Family, Education, And School

Ofa Vaisima - Woods Cross, Utah
Entered on December 10, 2008
Age Group: Under 18
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I believe in three main things: Education, Family, and God. Throughout my lifetime, my parents pushed my sisters and I to work hard for the future. Even in second grade, they pushed me to get AB Honor roll, which I don’t know if it was possible, but they pushed me to get it. I never realized how big of a deal school was until I was in fifth grade. That was the first year I ever got AB Honor roll. Ever since I achieved that goal my parents made me look at colleges. They even made me write out my goals and tell them what I want to be when I grow up. I thought they were crazy. I told them I wanted to be a lawyer. They were ecstatic. They made me join mock trial so that I could achieve this goal.

This annoyed me a lot. At first, I just thought school was a place you just went to learn about something or someone for seven hours and that was that. Now that I understood the meaning of education and why it was so important made me feel stupid. Around my church community the high school kids were just dropping out by their senior year and some just graduated, but moved on to landscaping jobs. My parents didn’t want me to choose that path and I myself didn’t want that either, I still don’t. I believe in education more than I ever had. It will decide my future for me and it will take me in the direction I want my life to go.

Family is my life. I believe in them with all that I have. They are my aid and comfort. Without them I would be a complete and total mess. Through all the rough times and bad times with friends and school they were there for me. They made sure that I knew that they were always there for me and that they love me. Family is part of the reason why I believe in my education so much. They push me because they don’t want me to make the same mistakes they made. They show me they love me even when I’m being stubborn with them and when I act like I don’t want them with me.

I remember when my grandpa died and I didn’t want to talk to anyone or get out of bed. He was my best friend so it really hit me hard when he died. All I wanted to do was mope around all day long. Even though my family knew I didn’t want to talk to them, they still talked to me or tried to talk to me to cheer me up. My sisters and first cousins came to cheer me up. At first, I wanted them to leave and never come back. I thought they were going to try to tell me jokes like, “How did the chicken cross the road?” but they didn’t. They ended up telling me stories about the funny things my grandpa did and how he always made people happy.

Knowing they were there for me even when I didn’t want them to be made me feel loved. They showed me that they really cared and loved me. This deepened my belief in family. Family will always be a big part of my life. I believe in my family. They are the only ones that have to deal with me and at the same time love me the way I am. They will always love you no matter how bad you act, and they make sure you know that by always being there for you.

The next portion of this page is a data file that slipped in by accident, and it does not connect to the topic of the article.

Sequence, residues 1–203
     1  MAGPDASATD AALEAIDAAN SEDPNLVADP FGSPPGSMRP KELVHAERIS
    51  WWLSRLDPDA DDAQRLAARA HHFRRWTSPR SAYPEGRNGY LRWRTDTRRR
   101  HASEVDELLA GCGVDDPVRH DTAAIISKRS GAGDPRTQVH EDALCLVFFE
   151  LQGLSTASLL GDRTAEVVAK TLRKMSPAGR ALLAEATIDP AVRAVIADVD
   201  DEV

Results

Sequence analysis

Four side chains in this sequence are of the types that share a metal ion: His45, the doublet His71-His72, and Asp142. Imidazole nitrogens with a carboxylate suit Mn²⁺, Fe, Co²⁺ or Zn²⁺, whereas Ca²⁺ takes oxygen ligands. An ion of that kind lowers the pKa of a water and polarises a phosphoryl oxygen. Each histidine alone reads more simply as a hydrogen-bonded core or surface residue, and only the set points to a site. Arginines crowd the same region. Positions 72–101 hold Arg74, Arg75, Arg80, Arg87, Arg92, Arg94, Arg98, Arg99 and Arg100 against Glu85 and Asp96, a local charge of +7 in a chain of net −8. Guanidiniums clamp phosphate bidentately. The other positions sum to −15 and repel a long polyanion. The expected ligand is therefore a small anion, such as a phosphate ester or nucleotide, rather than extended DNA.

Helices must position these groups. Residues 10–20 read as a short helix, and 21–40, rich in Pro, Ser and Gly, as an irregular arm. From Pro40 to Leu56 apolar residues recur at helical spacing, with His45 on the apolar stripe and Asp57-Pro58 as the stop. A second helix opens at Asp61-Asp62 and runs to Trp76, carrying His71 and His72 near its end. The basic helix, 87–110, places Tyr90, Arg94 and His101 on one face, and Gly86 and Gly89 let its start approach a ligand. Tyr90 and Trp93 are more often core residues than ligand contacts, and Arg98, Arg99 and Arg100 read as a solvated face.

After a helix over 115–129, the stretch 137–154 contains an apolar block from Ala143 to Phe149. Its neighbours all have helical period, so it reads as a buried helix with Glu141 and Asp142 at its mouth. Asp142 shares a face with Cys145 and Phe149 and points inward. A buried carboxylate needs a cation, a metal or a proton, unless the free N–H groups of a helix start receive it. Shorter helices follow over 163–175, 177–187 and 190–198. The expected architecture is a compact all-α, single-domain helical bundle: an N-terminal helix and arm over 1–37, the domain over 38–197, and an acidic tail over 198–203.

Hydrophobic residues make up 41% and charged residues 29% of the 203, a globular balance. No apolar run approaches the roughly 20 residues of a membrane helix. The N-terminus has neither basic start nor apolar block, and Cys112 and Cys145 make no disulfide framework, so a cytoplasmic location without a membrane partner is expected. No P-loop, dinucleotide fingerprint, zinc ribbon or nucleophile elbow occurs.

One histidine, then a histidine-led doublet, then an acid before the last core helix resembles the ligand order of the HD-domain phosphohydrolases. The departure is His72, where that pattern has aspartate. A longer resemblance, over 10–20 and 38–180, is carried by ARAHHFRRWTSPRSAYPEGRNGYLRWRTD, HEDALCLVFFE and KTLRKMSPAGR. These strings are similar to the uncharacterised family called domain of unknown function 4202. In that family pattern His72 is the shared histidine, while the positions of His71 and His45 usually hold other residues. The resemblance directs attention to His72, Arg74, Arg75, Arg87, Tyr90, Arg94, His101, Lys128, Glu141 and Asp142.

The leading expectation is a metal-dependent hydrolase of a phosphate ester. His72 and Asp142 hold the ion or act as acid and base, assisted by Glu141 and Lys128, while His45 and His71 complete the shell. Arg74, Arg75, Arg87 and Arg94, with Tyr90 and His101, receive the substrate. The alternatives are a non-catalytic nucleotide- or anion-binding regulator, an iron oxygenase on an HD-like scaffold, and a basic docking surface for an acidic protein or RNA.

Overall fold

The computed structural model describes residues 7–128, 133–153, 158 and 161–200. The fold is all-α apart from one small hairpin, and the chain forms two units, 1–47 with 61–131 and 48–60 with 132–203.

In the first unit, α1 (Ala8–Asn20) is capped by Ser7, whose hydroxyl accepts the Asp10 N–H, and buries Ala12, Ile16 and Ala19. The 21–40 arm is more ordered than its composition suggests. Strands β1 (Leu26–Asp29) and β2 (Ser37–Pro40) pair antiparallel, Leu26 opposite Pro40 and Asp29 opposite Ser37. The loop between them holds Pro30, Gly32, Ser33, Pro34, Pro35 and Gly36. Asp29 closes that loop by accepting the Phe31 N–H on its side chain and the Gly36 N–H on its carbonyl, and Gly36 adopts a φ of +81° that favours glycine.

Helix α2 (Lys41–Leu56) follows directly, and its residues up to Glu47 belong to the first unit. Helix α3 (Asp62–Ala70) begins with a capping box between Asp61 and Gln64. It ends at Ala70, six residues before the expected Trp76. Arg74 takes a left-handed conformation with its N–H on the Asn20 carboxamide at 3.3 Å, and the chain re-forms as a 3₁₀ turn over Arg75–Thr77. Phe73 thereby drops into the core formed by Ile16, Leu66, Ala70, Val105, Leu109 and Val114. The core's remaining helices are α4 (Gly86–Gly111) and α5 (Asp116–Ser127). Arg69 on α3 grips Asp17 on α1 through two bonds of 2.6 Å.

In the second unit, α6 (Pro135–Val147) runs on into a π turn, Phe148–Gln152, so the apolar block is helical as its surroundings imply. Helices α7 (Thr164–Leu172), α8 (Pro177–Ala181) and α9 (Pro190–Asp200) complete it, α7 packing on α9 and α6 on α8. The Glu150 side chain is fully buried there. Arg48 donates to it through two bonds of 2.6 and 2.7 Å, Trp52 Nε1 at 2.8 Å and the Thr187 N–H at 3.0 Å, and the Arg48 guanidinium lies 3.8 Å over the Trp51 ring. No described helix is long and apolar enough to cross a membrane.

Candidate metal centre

I believe in God. I believe in the Catholic Church and it’s teachings. I may not believe in everything they have to say, but I do believe in Catholicism. I grew up Methodist. I became part of the Catholic Church at the age of eleven. At first, I hated attending mass. I didn’t quite understand what the meaning of mass was. I always counted down the minutes until mass was over and when I got really impatient I leaned over and asked my sisters, “Is it almost done?” They always nodded yes, but they were lying.

I began to understand my faith more and more as the time went on. My parents enrolled me at St. Anns when I was in fourth grade, which made me learn more about my faith. The more I learned about it the more I cherished and loved my religion. I started attending mass and actually paying attention. My parents became more involved in my parish community and asked my sisters and I to tag along with them. And we did. We enjoyed it. My parents got an idea from one of the parishioners about family prayer, where we meet up every Sunday night and share anything interesting about our week then at the end pray. My sisters and I really hated those, but we couldn’t do anything.

These meetings helped, but it was really annoying. Every time before we started prayer my parents said a quote. It was, “Without the help of God nothing is possible.” I never paid attention to this quote. I remembered it before my eighth grade graduation. I thought of it and I realized that it was true. I wouldn’t have made it so far without the help of God and believing in him.

I realized that God gave me everything I needed to make things possible. He gave me the strength to pay attention in school. He gave me the strength to allow my family to comfort me when I didn’t want them there. He gave me strength to be proud of my faith when others were not. He gave me courage to walk around and be different from others. He gave me choice, in being a good person and a bad one. He keeps me believing in my family, in my education, in him, and overall, Myself.